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This case presented the question whether Oklahoma’s drive-by shooting statute, Okla. Stat. tit. 21, sec. 652(B), qualified as a violent felony under the federal Armed Career Criminal Act (ACCA). In 2004, defendant-appellant Britt Hammons pleaded guilty in federal court to possessing a firearm as a felon. His criminal history included three prior convictions under Oklahoma’s drive-by shooting statute. At the time of sentencing, Hammons qualified for the ACCA’s fifteen-year mandatory minimum sentence because his prior convictions would have met the definition of “violent felony” under the ACCA’s residual clause. The district court thus imposed the ACCA enhancement, but the U.S. Supreme Court struck down the residual clause in Johnson v. United States, 135 S. Ct. 2551 (2015). Because the residual clause could not be relied upon for the enhancement, Hammons sought to vacate his sentence under 28 U.S.C. sec. 2255. On collateral review, the district court concluded that Hammons nevertheless qualified for the enhancement because his state-law convictions were violent felonies under the elements clause of the ACCA. The Tenth Circuit agreed, finding that a conviction under Oklahoma’s drive-by shooting statute categorically qualified as a violent felony under the elements clause of the ACCA. View "United States v. Hammons" on Justia Law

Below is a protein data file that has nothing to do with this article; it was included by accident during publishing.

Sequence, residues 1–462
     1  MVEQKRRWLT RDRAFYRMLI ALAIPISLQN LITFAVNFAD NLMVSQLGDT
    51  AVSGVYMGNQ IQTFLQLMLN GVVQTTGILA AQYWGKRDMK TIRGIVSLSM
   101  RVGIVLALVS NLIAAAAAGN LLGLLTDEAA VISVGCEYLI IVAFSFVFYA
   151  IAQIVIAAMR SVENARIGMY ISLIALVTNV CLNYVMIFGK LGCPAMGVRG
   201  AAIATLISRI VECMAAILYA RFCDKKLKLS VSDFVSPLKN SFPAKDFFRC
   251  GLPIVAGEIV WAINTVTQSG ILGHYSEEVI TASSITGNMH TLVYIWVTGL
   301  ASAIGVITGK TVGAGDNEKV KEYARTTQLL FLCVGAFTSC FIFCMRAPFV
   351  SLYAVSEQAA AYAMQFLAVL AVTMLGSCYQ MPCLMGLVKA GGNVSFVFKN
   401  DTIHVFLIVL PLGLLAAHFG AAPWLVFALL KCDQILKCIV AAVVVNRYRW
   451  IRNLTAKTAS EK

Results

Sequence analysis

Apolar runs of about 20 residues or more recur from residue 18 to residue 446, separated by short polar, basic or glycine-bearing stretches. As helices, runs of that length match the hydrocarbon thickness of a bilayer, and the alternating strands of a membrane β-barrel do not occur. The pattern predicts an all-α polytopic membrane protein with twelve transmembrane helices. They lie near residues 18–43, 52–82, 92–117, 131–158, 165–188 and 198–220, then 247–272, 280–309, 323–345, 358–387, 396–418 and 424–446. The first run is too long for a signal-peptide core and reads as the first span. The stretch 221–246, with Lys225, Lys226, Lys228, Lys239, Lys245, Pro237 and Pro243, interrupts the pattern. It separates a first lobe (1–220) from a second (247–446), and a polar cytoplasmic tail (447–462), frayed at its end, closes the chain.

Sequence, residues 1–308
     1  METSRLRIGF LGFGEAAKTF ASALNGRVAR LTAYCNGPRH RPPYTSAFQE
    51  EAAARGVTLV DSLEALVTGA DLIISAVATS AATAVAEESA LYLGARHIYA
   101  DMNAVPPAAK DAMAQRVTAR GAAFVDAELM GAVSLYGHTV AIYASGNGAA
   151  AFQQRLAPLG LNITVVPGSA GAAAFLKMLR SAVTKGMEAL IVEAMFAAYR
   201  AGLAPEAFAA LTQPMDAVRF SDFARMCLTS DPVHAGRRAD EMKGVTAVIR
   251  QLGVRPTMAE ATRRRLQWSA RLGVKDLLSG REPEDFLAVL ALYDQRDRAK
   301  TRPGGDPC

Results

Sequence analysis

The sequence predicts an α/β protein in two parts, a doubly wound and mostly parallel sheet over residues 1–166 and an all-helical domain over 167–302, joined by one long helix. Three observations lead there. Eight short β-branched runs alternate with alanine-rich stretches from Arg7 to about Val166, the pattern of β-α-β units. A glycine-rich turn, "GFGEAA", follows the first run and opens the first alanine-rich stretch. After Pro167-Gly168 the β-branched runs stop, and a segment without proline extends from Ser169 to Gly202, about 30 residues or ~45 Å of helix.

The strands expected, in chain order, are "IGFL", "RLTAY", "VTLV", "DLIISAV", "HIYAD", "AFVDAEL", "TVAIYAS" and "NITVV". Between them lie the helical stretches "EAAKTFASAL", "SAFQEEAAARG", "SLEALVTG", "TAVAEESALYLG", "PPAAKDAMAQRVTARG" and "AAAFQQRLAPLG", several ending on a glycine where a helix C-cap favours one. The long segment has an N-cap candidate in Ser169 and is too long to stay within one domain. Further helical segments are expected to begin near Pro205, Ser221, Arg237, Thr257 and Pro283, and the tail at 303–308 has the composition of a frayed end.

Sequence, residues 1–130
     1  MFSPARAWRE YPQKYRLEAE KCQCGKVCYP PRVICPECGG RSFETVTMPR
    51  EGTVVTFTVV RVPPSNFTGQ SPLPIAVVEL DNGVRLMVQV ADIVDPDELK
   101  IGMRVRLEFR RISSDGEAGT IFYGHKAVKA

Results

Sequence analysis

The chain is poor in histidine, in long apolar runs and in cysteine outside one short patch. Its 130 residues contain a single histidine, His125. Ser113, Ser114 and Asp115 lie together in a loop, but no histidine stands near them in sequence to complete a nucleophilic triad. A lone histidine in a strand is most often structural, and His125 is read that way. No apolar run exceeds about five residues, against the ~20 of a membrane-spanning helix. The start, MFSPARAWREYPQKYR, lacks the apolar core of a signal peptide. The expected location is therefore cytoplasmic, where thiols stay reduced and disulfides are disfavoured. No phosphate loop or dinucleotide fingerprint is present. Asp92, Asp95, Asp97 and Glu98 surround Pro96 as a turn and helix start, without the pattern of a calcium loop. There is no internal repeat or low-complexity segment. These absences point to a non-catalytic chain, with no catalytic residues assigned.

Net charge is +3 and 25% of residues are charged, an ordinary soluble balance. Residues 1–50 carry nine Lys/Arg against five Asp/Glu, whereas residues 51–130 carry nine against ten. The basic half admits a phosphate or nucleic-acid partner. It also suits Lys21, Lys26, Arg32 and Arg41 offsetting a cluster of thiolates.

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In 2014, an FBI agent served a grand-jury subpoena on Defendant Dakota Williston while he was being held in jail on state charges unrelated to a crime that the grand jury was investigating. Williston appeared before the grand jury. Before the federal prosecutor began asking Williston any questions, he reviewed on the record Williston’s rights with him. Williston affirmed that he understood all that information. The prosecutor then moved on to his substantive questions, starting out by asking if Williston wanted to tell the grand jury his story. The prosecutor’s belief stemmed from Williston’s prior affirmation to the second FBI agent that he planned to testify rather than invoke his Fifth Amendment rights. Williston then gave his account of the death of Payton Cockrell. Six months after Williston’s testimony, the grand jury indicted Williston for Payton’s murder. Williston filed a pretrial motion to suppress his grand-jury testimony. A magistrate judge recommended the denial of the motion, and the district court adopted the recommendation and denied the motion. Defendant argued that Miranda should have applied to protect grand-jury targets who were confined on unrelated criminal charges. Defendant argued that the district court erred at trial by not suppressing his grand-jury testimony, because the government failed to provide him Miranda warnings before that testimony. In rejecting defendant's argument, the Tenth Circuit held that the rule rendering Miranda inapplicable to grand-jury witnesses extended to persons who were incarcerated for unrelated reasons when they are subpoenaed to appear before a grand jury. The Court also rejected Defendant’s other challenges to his conviction and sentence based on the Sixth Amendment right to counsel, unfairly prejudicial evidence, the evidentiary rule of completeness, and the Eighth Amendment’s prohibition on cruel and unusual punishment. View "United States v. Williston" on Justia Law